Focusing on the Later Stages
Perhaps the problem is with the word “startup.”
There’s an impressive support system developing for Atlantic Canadian startups, but the problem is that most of the support is focused on the startup phase. There’s less support for maturing tech, biotech and clean-tech companies.
At Entrevestor in the past year, we’ve written about five different accelerators and entrepreneurship courses offered by at least four universities.
There are other announcements expected soon on incubators, sandboxes and the like.
Business formation is a critical aspect of creating a broad group of knowledge-based companies. The thing is, more work needs to be done in the later stages of a company’s existence, and such work is often more difficult for people in the region because it often requires relationships with people outside the region.
So as Atlantic Canada develops the ecosystem for innovative companies, the next component should be a mechanism that focuses not on a company’s first two years, but on years 3 to 7, helping to take a company from early revenue to large global sales.
It would be great if a group of senior people from governments, universities and industries across the region could focus on three issues: first, early adopters; second, sales of technology; and third, mentors and advisers.
East Valley Ventures in Saint John is already working on these issues, and others are examining them. But the startup segment would benefit from a broader, more concerted effort.
By bringing together senior executives and bureaucrats from across the region, there would be a massive fund of relationships and influence to help these growing companies.
This group’s first job would be to help a growth-phase company find early customers. A complaint I frequently hear from startups is that they can find clients outside the region but not locally.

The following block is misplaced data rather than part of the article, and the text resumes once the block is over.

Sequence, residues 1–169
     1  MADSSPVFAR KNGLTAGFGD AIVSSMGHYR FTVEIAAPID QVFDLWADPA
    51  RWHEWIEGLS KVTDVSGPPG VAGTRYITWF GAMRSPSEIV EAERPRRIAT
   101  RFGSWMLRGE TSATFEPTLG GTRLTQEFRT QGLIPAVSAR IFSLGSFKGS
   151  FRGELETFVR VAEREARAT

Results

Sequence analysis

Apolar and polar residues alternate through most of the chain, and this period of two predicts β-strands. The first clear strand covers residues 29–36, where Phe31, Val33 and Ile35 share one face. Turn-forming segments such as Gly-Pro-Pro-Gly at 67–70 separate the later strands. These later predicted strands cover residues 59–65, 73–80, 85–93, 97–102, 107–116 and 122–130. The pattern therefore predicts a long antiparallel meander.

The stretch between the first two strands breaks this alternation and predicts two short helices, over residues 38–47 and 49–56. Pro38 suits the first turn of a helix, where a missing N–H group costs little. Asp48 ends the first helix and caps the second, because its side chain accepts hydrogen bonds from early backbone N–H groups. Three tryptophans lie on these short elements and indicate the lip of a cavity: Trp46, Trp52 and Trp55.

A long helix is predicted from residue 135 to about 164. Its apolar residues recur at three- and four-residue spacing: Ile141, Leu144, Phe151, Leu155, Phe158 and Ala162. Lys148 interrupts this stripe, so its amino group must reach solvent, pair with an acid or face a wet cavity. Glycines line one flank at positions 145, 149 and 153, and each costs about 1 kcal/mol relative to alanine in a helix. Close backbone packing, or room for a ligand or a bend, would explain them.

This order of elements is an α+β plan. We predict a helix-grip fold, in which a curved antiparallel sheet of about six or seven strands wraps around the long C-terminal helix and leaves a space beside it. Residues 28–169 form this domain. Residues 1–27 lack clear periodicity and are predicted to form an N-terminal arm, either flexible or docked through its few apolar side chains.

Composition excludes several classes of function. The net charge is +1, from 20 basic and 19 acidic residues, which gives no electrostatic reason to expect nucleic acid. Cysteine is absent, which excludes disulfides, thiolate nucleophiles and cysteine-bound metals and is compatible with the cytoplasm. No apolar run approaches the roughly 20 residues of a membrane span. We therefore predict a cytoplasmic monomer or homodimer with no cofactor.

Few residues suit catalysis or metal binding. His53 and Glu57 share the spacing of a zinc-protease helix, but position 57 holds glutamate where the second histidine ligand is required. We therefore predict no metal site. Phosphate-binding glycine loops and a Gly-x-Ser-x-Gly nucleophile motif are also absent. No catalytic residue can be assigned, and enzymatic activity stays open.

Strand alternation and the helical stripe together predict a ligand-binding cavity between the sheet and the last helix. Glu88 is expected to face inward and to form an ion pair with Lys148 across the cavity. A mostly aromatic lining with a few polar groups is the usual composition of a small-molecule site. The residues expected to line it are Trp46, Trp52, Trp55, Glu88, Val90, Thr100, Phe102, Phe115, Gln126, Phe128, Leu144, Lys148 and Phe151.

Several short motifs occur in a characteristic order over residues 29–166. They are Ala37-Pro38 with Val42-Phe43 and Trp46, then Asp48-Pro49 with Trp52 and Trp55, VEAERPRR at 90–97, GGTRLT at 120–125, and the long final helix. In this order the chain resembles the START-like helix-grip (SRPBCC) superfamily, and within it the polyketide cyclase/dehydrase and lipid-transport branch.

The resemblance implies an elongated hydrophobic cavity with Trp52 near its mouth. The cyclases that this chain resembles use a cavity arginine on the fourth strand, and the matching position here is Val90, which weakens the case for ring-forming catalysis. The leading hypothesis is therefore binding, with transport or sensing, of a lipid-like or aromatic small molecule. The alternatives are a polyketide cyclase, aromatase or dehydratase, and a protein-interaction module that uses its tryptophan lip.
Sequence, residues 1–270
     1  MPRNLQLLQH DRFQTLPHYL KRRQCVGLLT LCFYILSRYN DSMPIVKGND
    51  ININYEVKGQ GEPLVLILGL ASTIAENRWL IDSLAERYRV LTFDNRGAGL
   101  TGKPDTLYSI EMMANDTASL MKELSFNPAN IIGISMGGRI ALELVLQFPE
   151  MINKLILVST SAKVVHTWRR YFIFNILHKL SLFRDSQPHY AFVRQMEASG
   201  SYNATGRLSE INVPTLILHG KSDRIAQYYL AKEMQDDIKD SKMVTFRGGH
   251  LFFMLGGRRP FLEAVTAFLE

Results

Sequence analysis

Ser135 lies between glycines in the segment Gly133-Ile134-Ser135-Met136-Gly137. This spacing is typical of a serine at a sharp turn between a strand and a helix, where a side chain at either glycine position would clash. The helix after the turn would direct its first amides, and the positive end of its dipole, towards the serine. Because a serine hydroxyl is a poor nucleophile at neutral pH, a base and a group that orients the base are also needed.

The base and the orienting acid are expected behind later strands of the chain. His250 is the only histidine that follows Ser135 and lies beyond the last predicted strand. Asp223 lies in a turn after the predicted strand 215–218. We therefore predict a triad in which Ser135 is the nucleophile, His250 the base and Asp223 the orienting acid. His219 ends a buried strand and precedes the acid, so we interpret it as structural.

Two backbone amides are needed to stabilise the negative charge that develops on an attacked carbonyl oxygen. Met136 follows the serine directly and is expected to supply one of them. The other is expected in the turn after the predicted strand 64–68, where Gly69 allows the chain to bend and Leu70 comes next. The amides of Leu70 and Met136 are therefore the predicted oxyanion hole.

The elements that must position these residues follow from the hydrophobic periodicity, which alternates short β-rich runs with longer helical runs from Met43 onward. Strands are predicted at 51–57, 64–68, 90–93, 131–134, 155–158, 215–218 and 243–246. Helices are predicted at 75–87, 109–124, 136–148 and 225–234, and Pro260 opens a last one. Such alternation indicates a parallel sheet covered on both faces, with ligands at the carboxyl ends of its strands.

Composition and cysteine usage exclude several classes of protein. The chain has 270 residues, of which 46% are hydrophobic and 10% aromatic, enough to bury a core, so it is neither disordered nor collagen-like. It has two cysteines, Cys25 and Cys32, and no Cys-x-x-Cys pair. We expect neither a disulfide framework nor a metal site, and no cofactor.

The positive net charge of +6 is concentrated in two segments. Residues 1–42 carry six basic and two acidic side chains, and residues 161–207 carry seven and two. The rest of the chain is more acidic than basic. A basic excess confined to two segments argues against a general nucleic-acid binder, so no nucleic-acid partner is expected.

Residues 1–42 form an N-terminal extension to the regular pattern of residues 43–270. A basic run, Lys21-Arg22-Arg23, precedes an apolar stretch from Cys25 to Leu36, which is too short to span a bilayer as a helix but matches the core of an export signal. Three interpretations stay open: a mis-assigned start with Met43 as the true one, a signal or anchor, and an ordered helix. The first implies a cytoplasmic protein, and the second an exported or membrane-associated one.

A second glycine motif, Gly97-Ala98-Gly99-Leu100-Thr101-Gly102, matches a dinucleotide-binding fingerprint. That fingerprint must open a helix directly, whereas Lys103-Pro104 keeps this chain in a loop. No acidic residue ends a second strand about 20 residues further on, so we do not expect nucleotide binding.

The group could seek local customers for startups — not just to make introductions, but to persuade bureaucracies to change their processes to adopt locally developed technology.
Job No. 2: Train a generation of tech salespeople. Maturing companies are screaming out for sales talent, and there is a huge opportunity for some educational institution (possibly with financial backing from a company or individual) to open a school for technology sales.
Finally, there needs to be a more concerted effort to find international directors and advisers for Atlantic Canadian companies. By their nature, startups aim to revolutionize their chosen market, so it’s realistic to think they can attract the attention of world leaders in that market.
A group of Atlantic Canadian business leaders would have a huge network of global contacts and could help to link growing companies with top-flight advisers.
Note that I haven’t said we should channel more public money into these companies that have gone beyond the startup stage. That wasn’t an oversight. These maturing companies must move on to the international stage and should raise their money in larger markets.
Raising money in New York, London or San Francisco helps to build networks of contacts in such cities. Handing public money to maturing companies risks using public money to prop up companies that can’t find investment elsewhere.
So to recap, all the accelerators and incubators are great, but the more important and difficult job is probably how to support mid-stage companies.